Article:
The 1840 decision by the British Government to suspend transportation of convicts to NSW followed a period of sustained agitation, especially in Sydney and Port Phillip, that reflected the changing social structure of the colony.
The decision came as economic crash gripped the colony.
Emigrants whose passage had been subsidised from land sales and who had been attracted by the promise of prosperity in a new land found work hard to come by.
As the recession eased, labour shortages re-emerged, especially in country districts.
In a familiar refrain, the new home country migrants proved reluctant to leave Sydney for the rigours of up-country life.
Facing acute labour shortages, pastoralists - including those in New England - looked for solutions.
They argued for a resumption of convict transportation, but faced fierce opposition from those who had been agitating for its removal.
This dispute would feed into the creation of the first self-government movement for Northern NSW.
The pastoralists therefore looked for other options. One result was Chinese immigration, the bringing in of Chinese workers as indentured labourers, creating another thread in the history of New England.
Down in Sydney, Karl Ludwig Wilhelm Kirchner had his own solution.
Now a prosperous merchant, Kirchner was influenced by idealism and connection to his homeland, but also saw business opportunities, including a potentially profitable role as an immigration agent.
To that point, German migrants had been restricted from access to subsidised migration unless they fell into a limited number of occupational classifications that could not be filled by British immigrants.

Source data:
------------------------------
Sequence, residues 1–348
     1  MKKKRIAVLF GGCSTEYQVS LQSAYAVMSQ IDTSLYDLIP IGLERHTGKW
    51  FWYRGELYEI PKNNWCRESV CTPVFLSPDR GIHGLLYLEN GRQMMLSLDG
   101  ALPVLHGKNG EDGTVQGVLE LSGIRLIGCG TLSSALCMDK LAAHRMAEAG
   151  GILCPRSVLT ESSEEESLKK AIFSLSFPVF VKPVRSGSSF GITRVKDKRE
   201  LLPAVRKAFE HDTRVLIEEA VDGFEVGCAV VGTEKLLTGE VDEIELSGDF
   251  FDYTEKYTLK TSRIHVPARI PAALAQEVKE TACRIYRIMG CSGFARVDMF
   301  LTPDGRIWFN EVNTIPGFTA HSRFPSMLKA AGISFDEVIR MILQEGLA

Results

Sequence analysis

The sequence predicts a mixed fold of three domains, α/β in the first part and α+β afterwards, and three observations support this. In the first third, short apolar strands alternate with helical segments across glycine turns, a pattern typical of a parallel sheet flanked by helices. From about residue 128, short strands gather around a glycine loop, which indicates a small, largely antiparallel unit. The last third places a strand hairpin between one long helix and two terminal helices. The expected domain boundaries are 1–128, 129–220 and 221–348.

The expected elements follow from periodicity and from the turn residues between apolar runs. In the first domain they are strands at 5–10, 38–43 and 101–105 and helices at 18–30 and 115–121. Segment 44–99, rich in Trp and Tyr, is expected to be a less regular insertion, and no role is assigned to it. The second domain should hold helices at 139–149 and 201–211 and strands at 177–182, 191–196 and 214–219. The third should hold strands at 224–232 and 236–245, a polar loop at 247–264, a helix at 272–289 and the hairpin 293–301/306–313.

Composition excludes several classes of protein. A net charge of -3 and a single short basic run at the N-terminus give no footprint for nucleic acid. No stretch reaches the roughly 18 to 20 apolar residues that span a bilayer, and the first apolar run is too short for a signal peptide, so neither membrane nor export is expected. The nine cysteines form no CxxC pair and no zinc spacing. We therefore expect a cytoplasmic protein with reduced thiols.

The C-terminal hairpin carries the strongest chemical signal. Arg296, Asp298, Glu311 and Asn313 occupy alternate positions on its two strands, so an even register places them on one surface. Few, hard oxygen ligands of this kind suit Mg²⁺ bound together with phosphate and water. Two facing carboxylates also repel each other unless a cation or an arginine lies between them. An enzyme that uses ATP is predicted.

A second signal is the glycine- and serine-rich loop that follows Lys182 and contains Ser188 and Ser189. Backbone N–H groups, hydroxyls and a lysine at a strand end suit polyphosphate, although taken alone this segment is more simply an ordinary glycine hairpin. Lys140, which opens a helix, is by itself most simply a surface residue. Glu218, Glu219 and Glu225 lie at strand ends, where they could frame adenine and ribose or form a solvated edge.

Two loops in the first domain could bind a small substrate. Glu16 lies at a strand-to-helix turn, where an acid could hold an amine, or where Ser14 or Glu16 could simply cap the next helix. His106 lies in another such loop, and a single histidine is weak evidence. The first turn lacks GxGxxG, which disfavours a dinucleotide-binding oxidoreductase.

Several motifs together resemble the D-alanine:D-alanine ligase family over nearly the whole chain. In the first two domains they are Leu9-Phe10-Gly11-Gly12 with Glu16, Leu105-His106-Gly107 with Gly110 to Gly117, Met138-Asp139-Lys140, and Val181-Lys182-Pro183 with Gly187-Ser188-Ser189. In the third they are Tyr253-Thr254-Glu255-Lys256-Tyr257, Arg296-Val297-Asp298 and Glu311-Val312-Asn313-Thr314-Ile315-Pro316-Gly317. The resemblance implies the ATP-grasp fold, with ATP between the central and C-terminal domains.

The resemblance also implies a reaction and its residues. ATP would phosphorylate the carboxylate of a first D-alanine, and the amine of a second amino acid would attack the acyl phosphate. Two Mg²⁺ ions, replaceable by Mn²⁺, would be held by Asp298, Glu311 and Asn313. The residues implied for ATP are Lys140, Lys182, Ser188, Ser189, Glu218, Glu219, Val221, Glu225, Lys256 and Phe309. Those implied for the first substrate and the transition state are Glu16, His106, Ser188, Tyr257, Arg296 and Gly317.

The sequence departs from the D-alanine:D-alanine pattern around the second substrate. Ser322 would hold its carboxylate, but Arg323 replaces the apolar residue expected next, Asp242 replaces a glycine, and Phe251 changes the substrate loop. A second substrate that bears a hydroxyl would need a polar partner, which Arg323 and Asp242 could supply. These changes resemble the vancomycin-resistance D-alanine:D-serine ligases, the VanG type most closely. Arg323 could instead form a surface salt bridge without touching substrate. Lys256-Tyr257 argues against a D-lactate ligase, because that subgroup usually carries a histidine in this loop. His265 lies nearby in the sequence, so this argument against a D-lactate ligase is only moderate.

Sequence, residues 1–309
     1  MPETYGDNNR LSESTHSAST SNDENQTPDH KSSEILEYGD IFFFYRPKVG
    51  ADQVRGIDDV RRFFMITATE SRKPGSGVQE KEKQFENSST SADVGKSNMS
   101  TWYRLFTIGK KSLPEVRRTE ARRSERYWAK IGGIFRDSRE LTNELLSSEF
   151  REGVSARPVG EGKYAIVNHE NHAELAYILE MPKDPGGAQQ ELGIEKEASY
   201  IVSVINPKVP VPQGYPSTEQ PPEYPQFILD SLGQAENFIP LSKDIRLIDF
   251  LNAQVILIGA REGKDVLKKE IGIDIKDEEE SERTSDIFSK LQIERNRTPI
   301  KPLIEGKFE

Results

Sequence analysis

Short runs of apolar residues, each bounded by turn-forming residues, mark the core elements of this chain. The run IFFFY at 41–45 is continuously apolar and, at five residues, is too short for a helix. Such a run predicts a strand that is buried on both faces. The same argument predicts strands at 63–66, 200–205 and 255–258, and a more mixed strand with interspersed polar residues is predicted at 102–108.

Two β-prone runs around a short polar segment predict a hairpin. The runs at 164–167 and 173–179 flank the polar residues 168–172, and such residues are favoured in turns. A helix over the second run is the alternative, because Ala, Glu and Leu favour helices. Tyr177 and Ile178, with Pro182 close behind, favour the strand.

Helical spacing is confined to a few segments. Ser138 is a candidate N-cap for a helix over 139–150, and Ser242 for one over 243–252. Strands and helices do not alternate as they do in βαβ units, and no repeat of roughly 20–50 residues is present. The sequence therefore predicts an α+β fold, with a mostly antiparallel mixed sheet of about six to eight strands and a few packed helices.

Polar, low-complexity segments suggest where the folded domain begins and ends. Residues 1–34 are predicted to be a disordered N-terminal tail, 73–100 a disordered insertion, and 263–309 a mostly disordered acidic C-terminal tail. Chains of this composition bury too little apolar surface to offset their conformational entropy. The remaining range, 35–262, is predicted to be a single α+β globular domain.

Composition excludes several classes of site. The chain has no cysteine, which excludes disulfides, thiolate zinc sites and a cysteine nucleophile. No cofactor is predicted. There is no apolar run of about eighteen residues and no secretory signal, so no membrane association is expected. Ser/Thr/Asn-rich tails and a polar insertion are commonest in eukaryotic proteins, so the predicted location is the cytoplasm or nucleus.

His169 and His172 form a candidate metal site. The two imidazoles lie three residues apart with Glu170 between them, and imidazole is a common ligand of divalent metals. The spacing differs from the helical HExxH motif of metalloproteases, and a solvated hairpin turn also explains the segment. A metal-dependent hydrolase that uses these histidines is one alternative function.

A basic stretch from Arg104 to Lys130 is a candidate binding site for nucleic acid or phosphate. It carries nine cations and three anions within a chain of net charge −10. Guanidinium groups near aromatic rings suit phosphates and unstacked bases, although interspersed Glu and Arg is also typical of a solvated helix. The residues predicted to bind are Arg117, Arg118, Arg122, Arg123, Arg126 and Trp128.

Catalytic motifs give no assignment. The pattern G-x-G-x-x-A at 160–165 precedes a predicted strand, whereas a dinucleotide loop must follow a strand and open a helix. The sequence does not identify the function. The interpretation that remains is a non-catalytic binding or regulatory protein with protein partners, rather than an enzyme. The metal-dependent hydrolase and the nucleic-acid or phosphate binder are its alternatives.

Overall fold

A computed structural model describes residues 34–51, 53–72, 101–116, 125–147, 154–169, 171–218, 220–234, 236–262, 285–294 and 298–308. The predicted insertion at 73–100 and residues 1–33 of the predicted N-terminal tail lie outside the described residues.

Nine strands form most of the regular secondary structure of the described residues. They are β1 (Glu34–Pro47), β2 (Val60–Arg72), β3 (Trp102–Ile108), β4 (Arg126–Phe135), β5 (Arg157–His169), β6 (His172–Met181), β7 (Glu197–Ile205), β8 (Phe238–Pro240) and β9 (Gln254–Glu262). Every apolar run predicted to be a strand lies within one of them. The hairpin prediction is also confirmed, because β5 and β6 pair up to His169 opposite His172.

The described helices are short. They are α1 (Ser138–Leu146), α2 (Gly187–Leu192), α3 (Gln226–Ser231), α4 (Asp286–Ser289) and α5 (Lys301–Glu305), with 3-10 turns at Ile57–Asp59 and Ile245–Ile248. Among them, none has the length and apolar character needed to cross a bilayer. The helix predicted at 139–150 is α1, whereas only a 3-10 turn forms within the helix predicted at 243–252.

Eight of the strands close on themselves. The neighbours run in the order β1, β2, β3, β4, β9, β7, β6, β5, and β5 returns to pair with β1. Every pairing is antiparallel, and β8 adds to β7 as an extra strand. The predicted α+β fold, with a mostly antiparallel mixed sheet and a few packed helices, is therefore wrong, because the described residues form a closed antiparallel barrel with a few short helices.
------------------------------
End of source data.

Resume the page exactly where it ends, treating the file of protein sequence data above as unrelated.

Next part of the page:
NSW, Kirchner argued, should bring in German migrants. They were hard working, would fit in and would be prepared to go to country areas, thus solving labour problems.
He also argued that the focus should be on families rather than single men.
Kirchner’s broad arguments were accepted. He therefore began looking for employers who would be prepared to sponsor German migrants.
In August 1847, for example, he visited the Newcastle and Maitland districts seeking arrangements with land owners to sponsor German immigrants and especially vine dressers, an occupation previously identified as in short supply.
In 1848, Kirchner returned to Frankfurt as NSW emigration agent, basing himself in his mother’s house. By then, he had arrangements in place with a number of employers and needed to find the people to fill the agreements.
On the trip home, Kirchner wrote a promotional book, Australien und seine Vortheile für Auswanderer - Australia and its Advantages for Emigrants, extolling the virtues of a new life in NSW.
This was published upon his arrival in Germany to encourage interest in migrating to Australia.
He also put up posters and advertisements promoting the message in towns and villages all over the Rhine regions.
In 1849, 600 Germans (around 102 families) arrived in Sydney. This was only the beginning.
Jim Belshaw’s email is firstname.lastname@example.org. He blogs at http://newenglandaustralia.blogspot.com.au/ (New England life) and http://newenglandhistory.blogspot.com.au/ (New England history)